Martin’s students draw inspiration from motorcycle

February 20th, 2015 Comments Off on Martin’s students draw inspiration from motorcycle

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Students in Assistant Professor Gregory Martin’s drawing classes are currently perfecting their drawing skills with the help of a motorcycle.

(via Martin:)

“The motorcycle as a subject for drawing classes started when I taught at USC in Los Angeles. Parking was difficult, and I would park my 1969 BMW motorcycle in the ground floor drawing room. Comparing it to the still life I was setting up, it was a far more interesting object and collection of shapes. The students enjoyed drawing from it, and I found that it was challenging in a very useful way. It had a degree of detail and complication that requires simplifying forms down to basic shapes and using sighting techniques.

When an artist sticks out their thumb or a director makes a frame with their fingers, they are using sighting techniques. Utilizing the length of their pencils, students learn to analyze proportional relationships in the subject they are studying and then apply those same proportions in the drawing they are making of the subject. They also employ the pencil as a straight edge and use it for plumb and level lines to get a sense of alignment between the various elements that compose the subject.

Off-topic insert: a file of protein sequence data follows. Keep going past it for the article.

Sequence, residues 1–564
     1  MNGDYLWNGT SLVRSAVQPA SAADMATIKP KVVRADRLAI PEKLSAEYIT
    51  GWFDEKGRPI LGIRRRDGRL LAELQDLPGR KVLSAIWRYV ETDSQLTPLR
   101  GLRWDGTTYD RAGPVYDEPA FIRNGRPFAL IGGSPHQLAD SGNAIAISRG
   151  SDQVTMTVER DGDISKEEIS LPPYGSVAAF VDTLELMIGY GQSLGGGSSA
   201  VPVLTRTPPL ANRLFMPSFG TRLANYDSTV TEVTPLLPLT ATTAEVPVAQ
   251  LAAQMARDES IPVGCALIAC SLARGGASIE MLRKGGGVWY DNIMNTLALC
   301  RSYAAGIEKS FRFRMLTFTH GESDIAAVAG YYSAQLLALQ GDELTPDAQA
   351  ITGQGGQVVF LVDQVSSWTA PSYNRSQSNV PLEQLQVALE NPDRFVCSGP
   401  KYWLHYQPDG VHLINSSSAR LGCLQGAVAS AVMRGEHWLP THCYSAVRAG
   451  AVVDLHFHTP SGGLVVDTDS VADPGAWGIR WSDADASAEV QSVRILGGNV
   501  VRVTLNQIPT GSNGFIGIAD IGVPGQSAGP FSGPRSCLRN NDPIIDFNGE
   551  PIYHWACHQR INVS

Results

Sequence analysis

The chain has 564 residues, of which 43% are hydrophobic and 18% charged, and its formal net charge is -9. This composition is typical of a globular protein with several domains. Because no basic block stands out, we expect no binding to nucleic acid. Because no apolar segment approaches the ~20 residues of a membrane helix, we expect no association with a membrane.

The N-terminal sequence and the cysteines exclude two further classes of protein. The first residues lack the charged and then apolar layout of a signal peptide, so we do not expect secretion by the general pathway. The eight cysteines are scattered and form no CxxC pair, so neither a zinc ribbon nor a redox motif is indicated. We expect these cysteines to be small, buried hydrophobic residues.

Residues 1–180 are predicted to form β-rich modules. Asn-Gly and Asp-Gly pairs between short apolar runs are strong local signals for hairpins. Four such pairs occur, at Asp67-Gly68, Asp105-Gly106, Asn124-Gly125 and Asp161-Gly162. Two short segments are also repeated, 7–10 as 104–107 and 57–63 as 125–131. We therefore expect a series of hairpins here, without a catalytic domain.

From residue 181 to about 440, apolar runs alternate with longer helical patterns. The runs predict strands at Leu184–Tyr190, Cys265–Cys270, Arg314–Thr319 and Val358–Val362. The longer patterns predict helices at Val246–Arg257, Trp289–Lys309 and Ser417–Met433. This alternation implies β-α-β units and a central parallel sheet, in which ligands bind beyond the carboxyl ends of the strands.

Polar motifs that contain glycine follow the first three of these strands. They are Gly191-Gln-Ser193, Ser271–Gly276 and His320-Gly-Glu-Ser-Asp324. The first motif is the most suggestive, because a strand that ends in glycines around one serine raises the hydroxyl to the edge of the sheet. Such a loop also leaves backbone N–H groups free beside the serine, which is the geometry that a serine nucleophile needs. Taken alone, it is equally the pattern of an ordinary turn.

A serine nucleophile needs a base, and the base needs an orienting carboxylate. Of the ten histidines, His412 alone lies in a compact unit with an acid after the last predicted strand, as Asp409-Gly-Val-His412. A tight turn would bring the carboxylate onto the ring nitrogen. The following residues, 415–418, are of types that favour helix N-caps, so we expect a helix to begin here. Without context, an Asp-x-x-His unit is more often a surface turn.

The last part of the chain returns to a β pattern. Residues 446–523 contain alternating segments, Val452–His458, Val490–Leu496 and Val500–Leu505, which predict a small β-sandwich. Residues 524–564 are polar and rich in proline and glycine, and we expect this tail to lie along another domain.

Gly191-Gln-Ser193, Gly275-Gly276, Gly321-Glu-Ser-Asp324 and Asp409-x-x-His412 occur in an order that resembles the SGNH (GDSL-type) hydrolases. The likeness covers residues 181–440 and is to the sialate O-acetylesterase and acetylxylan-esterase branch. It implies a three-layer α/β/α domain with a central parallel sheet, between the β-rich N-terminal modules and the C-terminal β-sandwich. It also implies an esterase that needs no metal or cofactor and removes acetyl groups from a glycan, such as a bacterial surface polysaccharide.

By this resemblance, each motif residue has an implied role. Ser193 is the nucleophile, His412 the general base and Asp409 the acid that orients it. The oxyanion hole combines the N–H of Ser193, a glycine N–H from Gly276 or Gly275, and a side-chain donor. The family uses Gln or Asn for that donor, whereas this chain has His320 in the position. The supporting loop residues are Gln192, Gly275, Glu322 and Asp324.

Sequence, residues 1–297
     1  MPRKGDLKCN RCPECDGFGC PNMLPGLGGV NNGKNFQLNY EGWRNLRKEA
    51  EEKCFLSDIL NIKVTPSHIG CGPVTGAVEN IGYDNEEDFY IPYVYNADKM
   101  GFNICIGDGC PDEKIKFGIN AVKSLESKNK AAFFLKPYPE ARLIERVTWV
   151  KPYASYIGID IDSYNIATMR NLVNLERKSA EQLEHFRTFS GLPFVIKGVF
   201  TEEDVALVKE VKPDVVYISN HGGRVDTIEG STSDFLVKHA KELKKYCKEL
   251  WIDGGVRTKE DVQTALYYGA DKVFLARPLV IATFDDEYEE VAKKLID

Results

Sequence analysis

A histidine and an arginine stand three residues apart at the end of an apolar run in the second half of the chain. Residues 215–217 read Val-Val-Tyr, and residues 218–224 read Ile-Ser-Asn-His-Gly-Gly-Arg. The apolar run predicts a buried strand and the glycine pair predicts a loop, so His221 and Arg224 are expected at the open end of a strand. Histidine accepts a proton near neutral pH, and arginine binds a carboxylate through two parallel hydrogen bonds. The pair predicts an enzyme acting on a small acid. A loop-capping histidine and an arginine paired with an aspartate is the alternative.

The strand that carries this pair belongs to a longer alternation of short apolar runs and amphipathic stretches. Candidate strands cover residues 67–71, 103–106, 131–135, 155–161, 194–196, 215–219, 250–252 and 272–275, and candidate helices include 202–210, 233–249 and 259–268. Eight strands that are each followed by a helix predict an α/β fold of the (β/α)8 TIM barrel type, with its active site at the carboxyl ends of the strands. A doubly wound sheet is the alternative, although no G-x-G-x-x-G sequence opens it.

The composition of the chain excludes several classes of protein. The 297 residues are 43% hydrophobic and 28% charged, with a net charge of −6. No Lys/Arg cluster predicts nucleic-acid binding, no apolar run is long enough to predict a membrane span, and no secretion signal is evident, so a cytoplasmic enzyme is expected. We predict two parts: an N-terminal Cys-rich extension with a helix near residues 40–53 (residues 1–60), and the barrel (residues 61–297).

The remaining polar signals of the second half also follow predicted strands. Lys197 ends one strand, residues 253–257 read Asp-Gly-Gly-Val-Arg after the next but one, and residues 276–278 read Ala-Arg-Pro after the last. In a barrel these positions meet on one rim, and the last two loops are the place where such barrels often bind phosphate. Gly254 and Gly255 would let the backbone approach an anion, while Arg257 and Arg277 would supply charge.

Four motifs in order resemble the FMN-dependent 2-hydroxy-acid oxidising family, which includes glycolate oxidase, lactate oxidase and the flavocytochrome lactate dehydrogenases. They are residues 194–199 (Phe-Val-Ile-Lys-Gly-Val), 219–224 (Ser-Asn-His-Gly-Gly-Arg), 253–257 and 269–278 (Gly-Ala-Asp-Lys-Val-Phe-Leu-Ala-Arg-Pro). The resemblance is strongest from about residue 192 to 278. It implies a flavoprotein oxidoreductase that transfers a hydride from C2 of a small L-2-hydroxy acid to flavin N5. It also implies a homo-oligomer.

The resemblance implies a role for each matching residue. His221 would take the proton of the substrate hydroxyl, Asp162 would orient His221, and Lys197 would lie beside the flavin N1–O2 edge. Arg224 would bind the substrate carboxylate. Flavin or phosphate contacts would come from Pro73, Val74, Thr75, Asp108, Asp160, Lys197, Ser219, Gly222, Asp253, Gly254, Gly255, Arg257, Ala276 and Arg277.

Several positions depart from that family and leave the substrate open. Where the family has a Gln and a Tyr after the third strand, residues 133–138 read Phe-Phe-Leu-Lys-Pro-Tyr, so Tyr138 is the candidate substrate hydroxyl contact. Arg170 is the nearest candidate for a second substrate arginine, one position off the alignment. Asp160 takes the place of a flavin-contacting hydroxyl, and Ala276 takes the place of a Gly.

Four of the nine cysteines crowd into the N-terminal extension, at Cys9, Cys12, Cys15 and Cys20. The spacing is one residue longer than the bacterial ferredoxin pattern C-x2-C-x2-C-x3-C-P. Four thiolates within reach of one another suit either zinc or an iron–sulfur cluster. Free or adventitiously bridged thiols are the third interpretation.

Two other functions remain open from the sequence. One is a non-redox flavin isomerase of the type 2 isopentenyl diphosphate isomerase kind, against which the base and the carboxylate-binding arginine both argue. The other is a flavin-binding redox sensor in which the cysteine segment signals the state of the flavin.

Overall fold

The students are asked to draw the motorcycle as large as possible on an 18″ x 24″ sheet of drawing paper but without going outside of the edges of the paper. The only way they are able to do this is to simplify shapes into major forms, use sighting techniques to get the proportions they see to be the same in their drawings, and map out a framework of the entire subject before refining into a detailed drawing using more specific contour lines. If they give in to the impulse to concentrate on details too soon, they will surely fail and make a drawing either too small or too large for the page and of a subject with distorted proportions. Those who follow the process with patience and determination are able to draw a complex subject in proportion and at the desired size with a level of detail they had not previously realized they could accomplish.”

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